TACAN stations can provide distance up to 390 nautical miles.

Modern TACANs are much more accurate. The requirement now is to have portable TACAN that is IFR certifiable, both station and portable systems. The latest modern version of TACAN has been tested and could be a feasible back-up to future Air traffic control systems and may even be integrated into systems for a seamless back up.

Past TACANs have relied on high output power (up to 10,000 watts) to ensure good signal in space to overcome nulls present in antenna design and to provide their required 200 mile range. With the advancement of technology, antenna design has improved with higher gain antennas, much shallower nulls, and lighter construction. Now it’s feasible to have a 200 nmi range with a 400 watt TACAN DME transmitter, making the TACAN package much smaller, more portable and more reliable (a decrease in power also reduces heat, which lengthens the life of electronics).

On the first Space Shuttle flight, Capcom Joseph P. Allen reported up to the crew that their TACANs had locked onto the Channel 111 signals at St Petersburg, FL at a range of 250 miles.

TACAN is getting smaller: full TACAN coverage can now be provided in a system that can be carried on a single trailer weighing less than 4000 lbs, and set up by two people in less than an hour. TACAN Transceivers can now be as small as lunch boxes (with full coverage and range) and the antennas can be reduced from 800 pounds to less than 100 pounds.


Because the azimuth and range units are combined in one system it provides for simpler installation. Less space is required than a VOR because a VOR requires a large counterpoise and a fairly complex phased antenna system. A TACAN system theoretically might be placed on a building, a large truck, an airplane, or a ship, and be operational in a short period of time. An airborne TACAN receiver can be used in air-to-air mode, which allows two cooperating aircraft to find their relative bearings and distance.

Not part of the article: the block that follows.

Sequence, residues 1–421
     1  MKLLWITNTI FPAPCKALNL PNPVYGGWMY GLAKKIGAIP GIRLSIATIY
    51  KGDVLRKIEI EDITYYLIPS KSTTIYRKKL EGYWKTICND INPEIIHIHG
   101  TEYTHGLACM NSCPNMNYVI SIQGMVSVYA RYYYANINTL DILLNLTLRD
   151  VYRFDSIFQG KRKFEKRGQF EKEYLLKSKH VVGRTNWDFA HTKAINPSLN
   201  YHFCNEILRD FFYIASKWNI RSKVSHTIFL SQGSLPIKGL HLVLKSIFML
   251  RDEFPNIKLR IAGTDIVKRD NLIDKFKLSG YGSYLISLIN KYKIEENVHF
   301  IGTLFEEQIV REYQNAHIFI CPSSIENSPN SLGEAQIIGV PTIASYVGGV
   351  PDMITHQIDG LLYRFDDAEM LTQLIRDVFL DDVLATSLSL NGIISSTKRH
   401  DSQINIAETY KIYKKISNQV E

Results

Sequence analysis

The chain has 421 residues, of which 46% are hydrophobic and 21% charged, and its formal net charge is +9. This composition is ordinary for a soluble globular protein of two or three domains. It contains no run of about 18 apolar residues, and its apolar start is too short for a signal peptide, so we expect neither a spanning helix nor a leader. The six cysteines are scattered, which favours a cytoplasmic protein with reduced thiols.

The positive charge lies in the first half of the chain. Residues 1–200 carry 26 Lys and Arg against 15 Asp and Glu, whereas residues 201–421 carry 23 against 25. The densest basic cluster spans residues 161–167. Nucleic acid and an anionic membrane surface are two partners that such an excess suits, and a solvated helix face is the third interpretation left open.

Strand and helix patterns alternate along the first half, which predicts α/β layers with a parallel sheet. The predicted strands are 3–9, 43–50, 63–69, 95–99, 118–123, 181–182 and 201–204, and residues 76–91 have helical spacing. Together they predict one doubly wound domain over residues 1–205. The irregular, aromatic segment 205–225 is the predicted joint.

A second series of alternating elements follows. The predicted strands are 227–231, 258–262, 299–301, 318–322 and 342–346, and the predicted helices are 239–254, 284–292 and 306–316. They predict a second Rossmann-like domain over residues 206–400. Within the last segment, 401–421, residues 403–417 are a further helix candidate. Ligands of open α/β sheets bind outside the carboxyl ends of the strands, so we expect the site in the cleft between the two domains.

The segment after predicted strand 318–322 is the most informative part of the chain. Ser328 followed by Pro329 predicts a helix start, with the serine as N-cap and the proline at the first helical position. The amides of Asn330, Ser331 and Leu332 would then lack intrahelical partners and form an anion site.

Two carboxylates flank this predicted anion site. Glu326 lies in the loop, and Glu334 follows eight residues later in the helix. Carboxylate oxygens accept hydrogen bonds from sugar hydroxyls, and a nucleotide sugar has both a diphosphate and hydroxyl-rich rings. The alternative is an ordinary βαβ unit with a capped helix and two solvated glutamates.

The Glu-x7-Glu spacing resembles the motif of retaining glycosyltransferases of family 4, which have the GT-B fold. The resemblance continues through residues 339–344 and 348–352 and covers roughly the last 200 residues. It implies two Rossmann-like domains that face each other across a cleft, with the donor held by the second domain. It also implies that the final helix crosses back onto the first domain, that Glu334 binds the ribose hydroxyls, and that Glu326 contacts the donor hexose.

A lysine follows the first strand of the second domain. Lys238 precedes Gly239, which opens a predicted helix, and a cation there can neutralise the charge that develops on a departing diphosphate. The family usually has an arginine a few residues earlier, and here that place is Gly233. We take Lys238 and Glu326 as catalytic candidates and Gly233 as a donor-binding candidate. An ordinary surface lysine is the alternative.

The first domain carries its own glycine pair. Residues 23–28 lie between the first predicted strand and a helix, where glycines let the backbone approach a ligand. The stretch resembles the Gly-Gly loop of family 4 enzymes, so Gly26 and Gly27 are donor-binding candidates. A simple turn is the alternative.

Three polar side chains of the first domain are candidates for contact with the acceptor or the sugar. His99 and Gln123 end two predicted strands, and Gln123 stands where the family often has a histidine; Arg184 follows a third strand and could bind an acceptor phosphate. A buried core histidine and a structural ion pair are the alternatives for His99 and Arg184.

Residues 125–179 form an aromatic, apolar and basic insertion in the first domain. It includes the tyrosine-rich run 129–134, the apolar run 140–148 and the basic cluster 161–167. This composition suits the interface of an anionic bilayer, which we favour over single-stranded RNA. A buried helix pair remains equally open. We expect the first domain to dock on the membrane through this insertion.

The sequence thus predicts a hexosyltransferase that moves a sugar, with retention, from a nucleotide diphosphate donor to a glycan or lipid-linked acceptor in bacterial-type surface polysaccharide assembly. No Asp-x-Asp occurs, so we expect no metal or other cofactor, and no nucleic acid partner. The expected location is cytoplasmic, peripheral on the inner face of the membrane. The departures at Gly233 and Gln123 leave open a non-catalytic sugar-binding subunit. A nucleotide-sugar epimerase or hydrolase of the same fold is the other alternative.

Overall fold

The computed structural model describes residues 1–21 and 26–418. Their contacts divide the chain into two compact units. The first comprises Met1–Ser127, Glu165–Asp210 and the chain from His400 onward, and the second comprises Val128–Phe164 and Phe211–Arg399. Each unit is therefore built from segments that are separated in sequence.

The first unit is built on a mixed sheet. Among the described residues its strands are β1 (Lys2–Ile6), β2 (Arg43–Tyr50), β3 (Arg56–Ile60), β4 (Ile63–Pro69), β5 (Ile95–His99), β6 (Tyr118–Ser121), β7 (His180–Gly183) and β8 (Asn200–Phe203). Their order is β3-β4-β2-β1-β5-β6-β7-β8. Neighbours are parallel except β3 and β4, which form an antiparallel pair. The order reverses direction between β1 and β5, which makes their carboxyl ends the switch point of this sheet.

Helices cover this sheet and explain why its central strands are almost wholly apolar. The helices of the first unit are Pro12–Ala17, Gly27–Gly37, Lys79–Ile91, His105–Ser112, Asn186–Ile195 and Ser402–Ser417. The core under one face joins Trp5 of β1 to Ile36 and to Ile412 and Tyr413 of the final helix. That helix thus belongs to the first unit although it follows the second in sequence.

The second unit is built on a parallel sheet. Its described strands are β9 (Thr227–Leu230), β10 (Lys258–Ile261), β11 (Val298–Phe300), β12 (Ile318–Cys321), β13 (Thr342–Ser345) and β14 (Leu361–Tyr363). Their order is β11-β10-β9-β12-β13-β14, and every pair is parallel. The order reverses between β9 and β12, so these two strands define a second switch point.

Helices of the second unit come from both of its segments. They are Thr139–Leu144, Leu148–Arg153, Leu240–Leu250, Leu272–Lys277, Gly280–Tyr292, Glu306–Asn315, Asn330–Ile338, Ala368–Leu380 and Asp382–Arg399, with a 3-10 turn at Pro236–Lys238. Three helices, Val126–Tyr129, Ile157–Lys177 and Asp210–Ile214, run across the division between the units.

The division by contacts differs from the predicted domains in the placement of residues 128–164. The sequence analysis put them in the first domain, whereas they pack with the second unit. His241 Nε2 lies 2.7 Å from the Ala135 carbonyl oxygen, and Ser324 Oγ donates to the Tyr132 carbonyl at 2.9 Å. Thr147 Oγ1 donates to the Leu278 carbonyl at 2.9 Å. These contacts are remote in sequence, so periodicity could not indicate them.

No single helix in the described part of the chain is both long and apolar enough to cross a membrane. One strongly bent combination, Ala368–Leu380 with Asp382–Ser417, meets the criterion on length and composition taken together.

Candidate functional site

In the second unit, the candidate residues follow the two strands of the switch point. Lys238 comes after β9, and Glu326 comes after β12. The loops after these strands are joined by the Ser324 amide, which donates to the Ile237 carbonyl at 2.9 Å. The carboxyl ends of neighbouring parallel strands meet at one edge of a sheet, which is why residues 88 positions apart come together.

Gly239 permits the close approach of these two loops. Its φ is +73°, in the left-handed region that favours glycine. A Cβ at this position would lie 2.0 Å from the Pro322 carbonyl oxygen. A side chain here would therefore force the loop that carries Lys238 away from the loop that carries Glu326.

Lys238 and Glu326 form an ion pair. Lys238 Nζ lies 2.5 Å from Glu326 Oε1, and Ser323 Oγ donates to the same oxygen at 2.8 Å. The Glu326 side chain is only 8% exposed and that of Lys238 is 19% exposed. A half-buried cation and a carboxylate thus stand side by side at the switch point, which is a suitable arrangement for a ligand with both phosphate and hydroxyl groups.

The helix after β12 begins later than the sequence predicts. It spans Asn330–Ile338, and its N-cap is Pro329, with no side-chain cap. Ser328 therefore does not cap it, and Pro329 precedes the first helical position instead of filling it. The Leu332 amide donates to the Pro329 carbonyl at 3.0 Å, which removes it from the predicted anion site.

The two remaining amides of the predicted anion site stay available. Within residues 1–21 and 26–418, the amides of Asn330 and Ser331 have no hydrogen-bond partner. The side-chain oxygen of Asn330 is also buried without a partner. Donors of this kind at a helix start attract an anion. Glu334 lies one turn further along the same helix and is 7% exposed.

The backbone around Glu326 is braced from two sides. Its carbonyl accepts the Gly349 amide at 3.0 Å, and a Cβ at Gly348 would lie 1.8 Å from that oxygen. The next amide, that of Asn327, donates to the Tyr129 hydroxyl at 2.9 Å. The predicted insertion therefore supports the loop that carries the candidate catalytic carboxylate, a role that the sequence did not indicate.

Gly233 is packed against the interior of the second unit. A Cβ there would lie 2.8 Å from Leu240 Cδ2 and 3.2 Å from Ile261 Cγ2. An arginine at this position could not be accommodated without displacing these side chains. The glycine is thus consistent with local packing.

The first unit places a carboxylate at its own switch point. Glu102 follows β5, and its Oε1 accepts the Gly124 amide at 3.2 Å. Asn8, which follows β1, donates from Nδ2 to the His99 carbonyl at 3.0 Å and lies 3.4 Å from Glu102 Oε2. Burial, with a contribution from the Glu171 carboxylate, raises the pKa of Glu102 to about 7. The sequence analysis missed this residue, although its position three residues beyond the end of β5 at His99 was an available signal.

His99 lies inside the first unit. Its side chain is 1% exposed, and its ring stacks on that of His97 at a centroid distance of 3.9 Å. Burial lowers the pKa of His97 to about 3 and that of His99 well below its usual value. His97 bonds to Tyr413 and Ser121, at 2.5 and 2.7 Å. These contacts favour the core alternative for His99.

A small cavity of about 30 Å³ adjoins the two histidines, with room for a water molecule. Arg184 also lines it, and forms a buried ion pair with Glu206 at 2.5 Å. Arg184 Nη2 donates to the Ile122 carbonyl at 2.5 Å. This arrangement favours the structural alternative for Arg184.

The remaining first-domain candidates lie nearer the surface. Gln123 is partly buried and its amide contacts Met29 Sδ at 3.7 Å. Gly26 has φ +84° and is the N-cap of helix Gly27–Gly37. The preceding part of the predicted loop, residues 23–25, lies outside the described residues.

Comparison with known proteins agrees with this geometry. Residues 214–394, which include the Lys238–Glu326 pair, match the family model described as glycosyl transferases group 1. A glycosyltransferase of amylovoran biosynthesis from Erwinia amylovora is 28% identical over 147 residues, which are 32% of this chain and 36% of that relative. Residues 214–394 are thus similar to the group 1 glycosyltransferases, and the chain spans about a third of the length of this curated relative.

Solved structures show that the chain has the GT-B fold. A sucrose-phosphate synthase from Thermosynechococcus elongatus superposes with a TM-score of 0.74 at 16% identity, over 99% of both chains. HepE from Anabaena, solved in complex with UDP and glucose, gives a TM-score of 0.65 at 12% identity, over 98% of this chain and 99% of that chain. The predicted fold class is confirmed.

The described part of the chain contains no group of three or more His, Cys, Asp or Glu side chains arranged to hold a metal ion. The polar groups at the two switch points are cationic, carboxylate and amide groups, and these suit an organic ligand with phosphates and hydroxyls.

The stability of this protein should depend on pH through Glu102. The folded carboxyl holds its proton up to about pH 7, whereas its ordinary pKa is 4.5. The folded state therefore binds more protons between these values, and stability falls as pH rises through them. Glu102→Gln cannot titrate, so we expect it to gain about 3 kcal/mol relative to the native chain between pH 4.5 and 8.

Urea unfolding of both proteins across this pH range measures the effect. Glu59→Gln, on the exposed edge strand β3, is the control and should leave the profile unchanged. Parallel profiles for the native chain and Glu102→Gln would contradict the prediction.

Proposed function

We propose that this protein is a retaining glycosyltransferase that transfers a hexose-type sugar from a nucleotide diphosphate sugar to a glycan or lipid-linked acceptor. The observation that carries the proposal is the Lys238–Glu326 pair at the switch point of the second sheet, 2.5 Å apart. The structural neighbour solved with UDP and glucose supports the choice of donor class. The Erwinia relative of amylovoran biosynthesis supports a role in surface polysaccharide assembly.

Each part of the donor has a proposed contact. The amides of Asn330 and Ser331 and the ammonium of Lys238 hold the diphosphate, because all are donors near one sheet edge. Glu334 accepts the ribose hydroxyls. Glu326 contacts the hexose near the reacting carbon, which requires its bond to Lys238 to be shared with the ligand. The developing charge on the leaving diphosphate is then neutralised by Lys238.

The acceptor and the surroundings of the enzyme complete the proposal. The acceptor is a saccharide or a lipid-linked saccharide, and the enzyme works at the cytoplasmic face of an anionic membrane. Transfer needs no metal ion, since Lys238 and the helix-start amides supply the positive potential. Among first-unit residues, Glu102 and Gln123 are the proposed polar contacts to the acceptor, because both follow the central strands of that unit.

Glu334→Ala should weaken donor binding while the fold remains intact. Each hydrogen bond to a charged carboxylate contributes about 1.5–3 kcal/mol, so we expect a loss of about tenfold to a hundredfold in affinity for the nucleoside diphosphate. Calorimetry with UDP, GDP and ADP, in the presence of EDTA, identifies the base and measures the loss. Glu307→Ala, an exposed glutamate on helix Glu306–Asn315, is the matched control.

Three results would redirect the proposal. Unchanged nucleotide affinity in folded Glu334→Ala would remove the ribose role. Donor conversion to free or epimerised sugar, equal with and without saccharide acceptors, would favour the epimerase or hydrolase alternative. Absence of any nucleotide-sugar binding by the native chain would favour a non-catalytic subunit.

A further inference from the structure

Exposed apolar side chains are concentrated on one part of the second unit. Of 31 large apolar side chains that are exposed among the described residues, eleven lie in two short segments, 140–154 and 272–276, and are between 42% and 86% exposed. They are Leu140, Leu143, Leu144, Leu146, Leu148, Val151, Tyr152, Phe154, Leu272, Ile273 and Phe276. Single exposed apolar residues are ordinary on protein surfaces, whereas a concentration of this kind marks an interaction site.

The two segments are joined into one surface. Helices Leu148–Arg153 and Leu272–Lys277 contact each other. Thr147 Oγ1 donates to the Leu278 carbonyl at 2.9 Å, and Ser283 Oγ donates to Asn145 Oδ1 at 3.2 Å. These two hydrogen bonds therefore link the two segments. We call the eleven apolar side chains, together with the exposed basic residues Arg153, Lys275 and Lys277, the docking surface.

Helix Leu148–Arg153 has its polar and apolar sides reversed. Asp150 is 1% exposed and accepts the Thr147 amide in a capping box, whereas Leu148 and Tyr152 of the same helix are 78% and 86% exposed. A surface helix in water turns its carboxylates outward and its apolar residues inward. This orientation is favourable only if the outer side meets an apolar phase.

For military usage a primary drawback is lack of the ability to control emissions (EMCON) and stealth. Naval TACAN operations are designed so an aircraft can find the ship and land. There is no encryption involved, an enemy can simply use the range and bearing provided to attack a ship equipped with a TACAN. Some TACANs have the ability to employ a “Demand Only” mode wherein they will only transmit when interrogated by an aircraft on-channel. It is likely that TACAN will be replaced with a differential GPS system similar to the Local Area Augmentation System called JPALS. The Joint Precision Approach and Landing System has a low probability of intercept to prevent enemy detection and an aircraft carrier version can be used for autoland operations.

Some systems used in the United States modulate the transmitted signal by using a 900 RPM rotating antenna. Since this antenna is fairly large and must rotate 24 hours a day, it can cause reliability issues. Modern systems have antennas that use electronic rotation (instead of mechanical rotation) with no moving parts.


Like all other forms of ground-based aircraft radio navigation currently used, it is likely that TACAN will eventually be replaced by some form of space-based navigational system such as GPS.

Tacan Photo By Hans-Peter Scholz UlenspiegelOwn work, CC BY-SA 2.0 de, Link